Pork: For the first time, Korea opened its market for pork, both fresh and processed. As a result of the increased market access and preparatory work to introduce U.S. pork by the U.S. Meat Export Federation, U.S. pork suppliers now have a 30-percent share of the Korean processed pork market, a 10-fold increase over the token 3-percent market share for the United States in 1994. In addition, the Round enabled U.S. suppliers to crack the Korean market for fresh/chilled pork. The first U.S. container of fresh pork was shipped in September 1996 and now the product is being shipped at the rate of a container a day.
In the Japanese market, the U.S. Meat Export Federation has also been helping to pave the way for U.S. pork exporters to take advantage of increased access, despite stiff competition from Denmark and Taiwan. Several years of trade servicing, and, more recently, promotion directly to consumers have culminated in the United States capturing a phenomenal 46 percent of the market for fresh and chilled product valued at $950 million market.
Beef: In Korea, where the U.S. Meat Export Federation has also been active for many years, the U.S. beef industry has seen its export volume rise more than 50 percent as a result of the Uruguay Round Agreement. In 1995, U.S. exporters shipped 91,000 tons of beef to Korea, capturing 63 percent of the market.
Rice: Increased market access and the U.S. Rice Federation's success in persuading Japanese rice traders and consumers of the dependability of high quality U.S. supplies at competitive prices led to more than $125 million in U.S. sales this crop year. This accounts for almost half of the market -- up from virtually zero in 1993.
Soybeans and meal: Capitalizing on increased market access to the Philippines, the American Soybean Association has been promoting the use of soybean meal to poultry and swine producers. Over the past two years, the value of U.S. soybean and product exports to the Philippine market has grown 122 percent to $160 million.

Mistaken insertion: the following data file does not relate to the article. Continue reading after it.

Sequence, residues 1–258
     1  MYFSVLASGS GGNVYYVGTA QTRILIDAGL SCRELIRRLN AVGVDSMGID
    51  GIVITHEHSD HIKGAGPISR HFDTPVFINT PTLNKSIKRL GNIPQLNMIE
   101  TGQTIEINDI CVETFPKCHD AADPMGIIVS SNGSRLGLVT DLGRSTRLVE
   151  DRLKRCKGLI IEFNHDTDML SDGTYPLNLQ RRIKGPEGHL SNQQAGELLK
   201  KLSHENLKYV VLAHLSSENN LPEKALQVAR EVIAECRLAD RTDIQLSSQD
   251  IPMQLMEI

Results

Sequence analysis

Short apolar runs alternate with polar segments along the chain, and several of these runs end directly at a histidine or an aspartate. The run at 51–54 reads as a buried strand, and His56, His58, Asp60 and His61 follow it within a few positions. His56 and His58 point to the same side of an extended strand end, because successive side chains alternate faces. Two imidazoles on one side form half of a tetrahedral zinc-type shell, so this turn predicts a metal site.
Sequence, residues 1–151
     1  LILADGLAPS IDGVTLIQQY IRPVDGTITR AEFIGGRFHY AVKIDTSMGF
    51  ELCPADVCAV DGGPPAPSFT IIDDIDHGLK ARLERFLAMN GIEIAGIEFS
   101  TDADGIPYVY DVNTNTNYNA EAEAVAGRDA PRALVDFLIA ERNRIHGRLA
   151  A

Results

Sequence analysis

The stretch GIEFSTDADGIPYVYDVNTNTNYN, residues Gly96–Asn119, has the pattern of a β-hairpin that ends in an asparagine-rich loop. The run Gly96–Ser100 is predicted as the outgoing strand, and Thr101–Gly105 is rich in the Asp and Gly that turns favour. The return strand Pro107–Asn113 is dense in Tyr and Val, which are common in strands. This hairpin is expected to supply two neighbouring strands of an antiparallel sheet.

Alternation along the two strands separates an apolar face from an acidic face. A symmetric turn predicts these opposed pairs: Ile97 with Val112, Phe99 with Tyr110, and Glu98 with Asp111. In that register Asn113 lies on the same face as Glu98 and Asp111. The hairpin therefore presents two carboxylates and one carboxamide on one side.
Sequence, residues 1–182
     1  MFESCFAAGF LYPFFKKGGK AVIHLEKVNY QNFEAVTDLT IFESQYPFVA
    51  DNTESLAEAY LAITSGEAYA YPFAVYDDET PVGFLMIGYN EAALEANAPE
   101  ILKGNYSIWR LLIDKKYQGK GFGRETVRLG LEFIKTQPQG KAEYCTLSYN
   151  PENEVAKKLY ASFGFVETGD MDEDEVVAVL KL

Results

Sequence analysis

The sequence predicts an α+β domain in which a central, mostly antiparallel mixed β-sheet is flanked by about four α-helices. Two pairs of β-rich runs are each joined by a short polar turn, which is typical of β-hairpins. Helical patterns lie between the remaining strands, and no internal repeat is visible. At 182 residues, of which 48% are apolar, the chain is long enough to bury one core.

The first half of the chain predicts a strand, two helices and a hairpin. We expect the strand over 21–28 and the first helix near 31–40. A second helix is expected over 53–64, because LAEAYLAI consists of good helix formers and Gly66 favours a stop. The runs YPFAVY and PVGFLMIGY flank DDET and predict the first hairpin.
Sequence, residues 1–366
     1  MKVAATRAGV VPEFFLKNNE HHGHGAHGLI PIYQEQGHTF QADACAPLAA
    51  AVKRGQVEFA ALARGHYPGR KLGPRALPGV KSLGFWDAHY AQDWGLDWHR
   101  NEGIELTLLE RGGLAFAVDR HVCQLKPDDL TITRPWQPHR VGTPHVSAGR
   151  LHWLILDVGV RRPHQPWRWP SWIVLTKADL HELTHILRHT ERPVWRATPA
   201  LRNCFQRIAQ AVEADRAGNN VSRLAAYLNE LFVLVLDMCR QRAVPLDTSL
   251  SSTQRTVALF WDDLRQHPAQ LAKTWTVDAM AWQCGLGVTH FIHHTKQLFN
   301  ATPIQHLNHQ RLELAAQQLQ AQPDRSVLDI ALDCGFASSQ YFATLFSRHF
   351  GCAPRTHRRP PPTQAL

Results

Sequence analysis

In Indonesia, increased market access, reduced tariffs and the American Soybean Association's promotion of soybean meal in poultry rations helped to boost U.S. soybean meal exports from zero to 100,000 tons valued at $20 million over the past two years.
Cotton: Under the sanitary and phytosanitary provisions of the Uruguay Round, Guatemala changed a phytosanitary provision that had increased the cost of U.S. cotton, making it uncompetitive with cotton from other countries. To educate Guatemalan officials about the quality of U.S. cotton and the thoroughness of USDA cotton inspection procedures, FAS organized a training program for Guatemalan plant health officials. Cotton Council International's sponsorship of trade team exchanges and technical assistance have also helped U.S. exporters capture 90 percent of the Guatemalan cotton market with exports valued at $42 million in the 1995/96 marketing year.
Feed grains: In the Philippines, U.S. corn exporters registered about $66 million in sales for the 1995/96 marketing year, capturing 75 percent of this once-closed market. The U.S. Feed Grains Council played a key role through its market development and trade servicing activities.